Curt Weiss has spent over thirty-five years working in the media industry.
As “Lewis King” he was one of New York’s premier drummers in the 1980’s playing with major-label artists such as the Rockats and Beat Rodeo.
He is currently a television producer and writer.
"Stranded In The Jungle – Jerry Nolan’s Wild Ride – ATale of Drugs, Fashion, the New York Dolls and Punk Rock", Curt’s biography of Jerry Nolan, the drummer of the legendary New York Dolls, is published by Backbeat Books.
PML: How did you get into music?
CW: I saw the Beatles on the Ed Sullivan show when I was 4 years old, and that pretty much changed my life. The next year, after seeing HELP, I decided I wanted to play the drums. I was lucky enough to grow up with all the great radio of the 60s, and I was also very fortunate that my parents and schools encouraged my musical education.
PML: So you had formal musical training?
CW: I had some formal training but most of my education came from playing along to records. The rudiments and jazz training had their benefits, but they didn’t really teach me how to play rock and roll. That came from records. I went to the Berklee School of Music in Boston for all of a semester and 3 weeks. I really hated it there. Seeing Elvis Costello and the Attractions on my 18th birthday convinced me to drop out. I stayed in Boston through the summer of ’78 and was lucky enough to work in a restaurant that was next door to a sleazy club called the Rat, which was Boston’s CBGB. I saw New York based bands there like the Dictators, Helen Wheels, and the Cramps. I also saw the Nuns from San Francisco, and great local bands like La Peste, DMZ and the Atlantics. There was a nicer club called the Paradise where I saw the original Ramones, Talking Heads, Blondie, Mink DeVille, the Dead Boys, Robert Gordon with Link Wray, and Lou Reed. It was a great time.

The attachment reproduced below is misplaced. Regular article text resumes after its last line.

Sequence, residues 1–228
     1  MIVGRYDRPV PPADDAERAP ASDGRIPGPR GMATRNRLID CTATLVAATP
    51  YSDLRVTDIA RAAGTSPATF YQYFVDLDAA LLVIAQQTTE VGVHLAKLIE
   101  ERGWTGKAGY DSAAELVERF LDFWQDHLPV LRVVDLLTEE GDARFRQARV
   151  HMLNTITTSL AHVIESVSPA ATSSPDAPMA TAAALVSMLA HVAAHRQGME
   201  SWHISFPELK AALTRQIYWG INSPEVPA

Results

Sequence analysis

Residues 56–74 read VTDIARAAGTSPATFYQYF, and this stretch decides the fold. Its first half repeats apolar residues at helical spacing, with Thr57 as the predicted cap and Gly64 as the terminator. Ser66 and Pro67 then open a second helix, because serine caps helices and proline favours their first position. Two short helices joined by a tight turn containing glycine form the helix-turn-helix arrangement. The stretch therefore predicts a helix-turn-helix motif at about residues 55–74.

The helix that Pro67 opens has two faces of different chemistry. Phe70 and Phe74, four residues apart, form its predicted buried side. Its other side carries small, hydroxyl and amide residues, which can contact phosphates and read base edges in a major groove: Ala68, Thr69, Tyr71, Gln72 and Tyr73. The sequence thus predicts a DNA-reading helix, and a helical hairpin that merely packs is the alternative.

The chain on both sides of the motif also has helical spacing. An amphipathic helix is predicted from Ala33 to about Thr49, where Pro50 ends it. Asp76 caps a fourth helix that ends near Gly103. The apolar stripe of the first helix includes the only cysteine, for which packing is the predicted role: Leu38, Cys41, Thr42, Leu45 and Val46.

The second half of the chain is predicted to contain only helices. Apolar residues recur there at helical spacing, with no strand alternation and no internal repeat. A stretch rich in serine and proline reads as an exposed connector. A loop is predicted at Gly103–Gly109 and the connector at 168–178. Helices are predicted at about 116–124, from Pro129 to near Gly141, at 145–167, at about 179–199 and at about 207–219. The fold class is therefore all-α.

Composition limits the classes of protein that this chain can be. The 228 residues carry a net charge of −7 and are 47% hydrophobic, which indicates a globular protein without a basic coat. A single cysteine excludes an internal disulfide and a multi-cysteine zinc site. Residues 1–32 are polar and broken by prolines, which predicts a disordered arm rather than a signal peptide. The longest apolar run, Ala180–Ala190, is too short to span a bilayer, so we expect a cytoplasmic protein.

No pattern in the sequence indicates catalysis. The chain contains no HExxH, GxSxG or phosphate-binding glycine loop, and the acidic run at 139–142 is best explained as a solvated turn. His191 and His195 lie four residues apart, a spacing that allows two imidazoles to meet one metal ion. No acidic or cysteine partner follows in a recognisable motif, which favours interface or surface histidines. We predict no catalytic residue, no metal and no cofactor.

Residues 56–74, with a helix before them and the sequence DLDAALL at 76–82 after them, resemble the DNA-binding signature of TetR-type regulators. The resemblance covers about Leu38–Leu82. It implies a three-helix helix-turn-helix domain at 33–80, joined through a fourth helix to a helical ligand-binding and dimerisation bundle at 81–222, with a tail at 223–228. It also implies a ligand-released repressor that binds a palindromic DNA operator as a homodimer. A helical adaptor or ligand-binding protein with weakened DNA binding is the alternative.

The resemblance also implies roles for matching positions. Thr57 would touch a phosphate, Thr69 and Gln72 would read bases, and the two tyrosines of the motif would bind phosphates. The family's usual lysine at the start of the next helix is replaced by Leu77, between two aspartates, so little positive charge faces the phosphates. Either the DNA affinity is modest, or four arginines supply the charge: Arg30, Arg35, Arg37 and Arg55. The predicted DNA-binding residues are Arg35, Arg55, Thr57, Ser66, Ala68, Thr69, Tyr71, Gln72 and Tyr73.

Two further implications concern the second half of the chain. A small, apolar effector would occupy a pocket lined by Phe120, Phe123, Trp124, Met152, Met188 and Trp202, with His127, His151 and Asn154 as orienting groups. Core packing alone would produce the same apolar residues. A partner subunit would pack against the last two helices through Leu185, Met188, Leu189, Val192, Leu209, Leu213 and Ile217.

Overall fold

PML: When did first see Jerry Nolan play?
CW: Besides seeing him on TV with the Dolls, it was probably at one of the Sid Vicious shows. I moved back to NYC in September ’78, and those shows were that month at Max's Kansas City. But by ’80 I had met people at the Soho Weekly News who introduced me to the Rockats and the rockabilly scene. I started to go to their shows, which is how I first got drawn to Jerry who, at the time, was their drummer. He was fantastic.
PML: Why did you decide to write his biography?
CW: From seeing him perform, meeting people around him, and knowing his history, I felt his was a fascinating, untold story. He was in two of the most influential and infamous bands of the period: The New York Dolls and The Heartbreakers. He’d played with Johnny Thunders, Richard Hell, Sid Vicious, Jayne (Wayne) County, Bette Midler, Billy Squier and Suzi Quatro. He’d been on the Anarchy Tour and was either at or playing CBGBs early on. He was at the center of the punk craze as it exploded in England. He knew people in the Ramones, Blondie, the Sex Pistols and the Clash. His punk rock credentials were as authentic as anyone’s. But he also didn’t have the success or longevity that some of the others I mentioned did, and that added an element of pathos to his story. And there was nothing like seeing him play live. I thought his story should be told.
PML: How long did Stranded take to write?
CW: About 10 years, mostly due to not being in a hurry and not knowing anything about the business of books. I started in 2006, spent a few years searching for people, and archival materials. I’d take time off to live my life, and then come back to it.
PML: How did you proceed?
CW: Each person I’d interview would often connect me to other people or give me encouragement to keep going.
PML: Were most people willing to speak about Jerry?
CW: A number of people didn’t want to talk, presumably because they were tired of talking about Punk Rock for 30 plus years or didn’t want to be associated with Jerry. Plus there were people who, after realizing I wasn’t going to write the book they wanted written, pulled out. Some people seem to have a lot invested in perpetuating myths.